In today ‘s fast paced and ever changing world, we are so focused on securing our place in the rat race that we forget to focus on the most important thing which is ourselves. It is so vital that we set time apart for ourselves to engage in pursuits that add value to life. I am sharing some tested and tried strategies that have worked for me:Continue reading
Tag Archives: stress management
Relax, you got this.
Relaxing is easier said than done sometimes. Whether it be work, school, parenting, pets, health concerns, or finances, sometimes daily tasks are simply overwhelming. Stress can be triggered by internal factors such as negative self-talk or external factors like major life events or daily hassles. Here are some helpful strategies to help us relax when we are feeling stressed and need to soothe our mind and body.
Change your negative self-talk to positive or neutral.
We are often our own worst critics. Negative self-talk is that critical inner dialogue that devalues us or puts us down and limits our potential. It may sound like “I can’t do anything right” or “my body is weak; I’m never going to get better.” Negative self-talk promotes feelings of helplessness and stress. These are cognitive distortions, persistent thoughts that aren’t grounded in facts or reality.
This harsh form of self-criticism can be managed. Practice recognizing these thoughts, acknowledge them when they arise, and take your power back. Try stopping those thoughts by saying “stop” to yourself, remind yourself that these thoughts are not facts, and replace them with a positive or neutral thought. For example, instead of telling yourself “I’m useless and it won’t get better,” try reframing your thoughts to say something positive like “I am having a difficult time right now, but I have dealt with similar challenges before, and I can handle this too.” Reframing those thoughts doesn’t mean lying or relying on false positivity. If you can’t think of a positive way to rephrase it, try something neutral like “It’s not going great, but I’ll handle it.” Identifying these thoughts and reframing them takes practice. The first step is becoming self-aware and understanding that there is a difference between your feelings and reality. If you have a difficult time recognizing these negative thoughts, ask yourself, would you be this negative and critical of a loved one if this was happening to them instead?
Massages are a great way of relaxing tense muscles, relieving pain, and reducing stress. It involves the manipulation of soft tissue, including muscles and tendons, to promote relaxation, pain relief, and improved circulation. Getting a massage with a professional massage therapist can be expensive, but luckily, self-massage can also give us some of the same benefits.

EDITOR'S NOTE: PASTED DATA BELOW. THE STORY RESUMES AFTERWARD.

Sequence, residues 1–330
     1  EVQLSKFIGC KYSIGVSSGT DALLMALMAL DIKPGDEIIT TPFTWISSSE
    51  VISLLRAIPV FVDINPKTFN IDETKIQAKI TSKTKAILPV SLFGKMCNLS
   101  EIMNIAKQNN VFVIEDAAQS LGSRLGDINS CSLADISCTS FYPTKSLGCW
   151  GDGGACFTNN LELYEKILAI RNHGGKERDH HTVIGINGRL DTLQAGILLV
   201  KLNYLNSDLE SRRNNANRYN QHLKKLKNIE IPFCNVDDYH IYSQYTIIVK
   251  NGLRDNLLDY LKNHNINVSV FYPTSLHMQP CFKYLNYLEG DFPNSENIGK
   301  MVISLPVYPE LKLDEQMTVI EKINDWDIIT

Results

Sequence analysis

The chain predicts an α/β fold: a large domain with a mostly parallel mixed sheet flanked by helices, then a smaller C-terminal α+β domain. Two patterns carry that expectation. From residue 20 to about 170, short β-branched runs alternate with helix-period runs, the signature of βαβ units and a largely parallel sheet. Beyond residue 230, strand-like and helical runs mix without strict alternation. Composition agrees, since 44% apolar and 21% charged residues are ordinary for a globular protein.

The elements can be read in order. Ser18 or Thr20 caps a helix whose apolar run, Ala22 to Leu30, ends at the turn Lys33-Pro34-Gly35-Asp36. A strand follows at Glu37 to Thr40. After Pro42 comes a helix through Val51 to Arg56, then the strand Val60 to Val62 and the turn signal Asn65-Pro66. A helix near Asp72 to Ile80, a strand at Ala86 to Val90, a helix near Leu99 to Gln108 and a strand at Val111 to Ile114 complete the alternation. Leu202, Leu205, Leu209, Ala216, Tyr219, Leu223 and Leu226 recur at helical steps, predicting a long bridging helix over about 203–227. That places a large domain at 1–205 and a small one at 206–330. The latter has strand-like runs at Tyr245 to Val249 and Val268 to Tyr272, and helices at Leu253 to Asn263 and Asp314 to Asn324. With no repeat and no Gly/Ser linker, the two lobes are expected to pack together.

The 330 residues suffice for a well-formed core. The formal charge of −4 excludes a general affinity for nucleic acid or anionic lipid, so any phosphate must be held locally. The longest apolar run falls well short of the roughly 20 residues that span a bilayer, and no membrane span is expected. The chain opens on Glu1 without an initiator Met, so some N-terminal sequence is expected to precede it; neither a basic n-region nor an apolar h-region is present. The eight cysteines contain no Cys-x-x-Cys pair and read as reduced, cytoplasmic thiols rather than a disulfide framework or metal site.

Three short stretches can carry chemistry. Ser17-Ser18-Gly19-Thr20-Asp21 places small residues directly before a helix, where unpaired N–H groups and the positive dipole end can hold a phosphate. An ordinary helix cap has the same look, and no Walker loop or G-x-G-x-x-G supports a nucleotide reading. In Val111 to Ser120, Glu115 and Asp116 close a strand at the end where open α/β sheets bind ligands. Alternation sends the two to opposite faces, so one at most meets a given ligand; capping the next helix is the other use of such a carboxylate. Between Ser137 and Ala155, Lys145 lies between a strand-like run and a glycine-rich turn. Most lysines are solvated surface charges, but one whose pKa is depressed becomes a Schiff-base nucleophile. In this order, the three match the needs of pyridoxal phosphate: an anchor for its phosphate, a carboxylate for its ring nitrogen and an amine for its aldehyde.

You may use your hands or tools to knead your skin and apply pressure to tense muscles. Rub massage oil or lotion on your hands and massage your shoulders, neck, head, and body. Focus on the areas where you feel tension and discomfort. You may use the palms of your hands to massage in circles and apply more pressure with your fingertips. Be mindful of the amount of pressure you are applying to avoid injuries. You may use specifically designed massage tools like electric neck and shoulder massagers and foam rollers, or you may use a tennis ball or other objects to help get those hard-to-reach areas in your back by placing them on the wall and using your back to roll the object.
Professional massage therapy can be effective for people affected by MS who are experiencing pain, but it may exacerbate symptoms for some individuals. MS can be unpredictable and affect individuals differently. It is important to consult with your healthcare provider before engaging in complementary therapy and seek a professional therapist who is trained and can accommodate your specific health needs, such as sensitivity to heat, bladder concerns, and mobility issues. You may visit the American Massage Therapy Association for assistance in locating a qualified massage therapist and information about your state’s licensing regulations.
Next time you are feeling overwhelmed, try these techniques to help soothe your body and mind. We might not have complete control over external factors, but we can control how we treat ourselves.
Ideas for Stress Management
Living with MS can be super stressful, especially when you’re living in the middle of a pandemic. Now is the best time to start practicing stress management techniques to help you overcome stressful moments. Here are a few ideas for stress management that can help you get through tough times.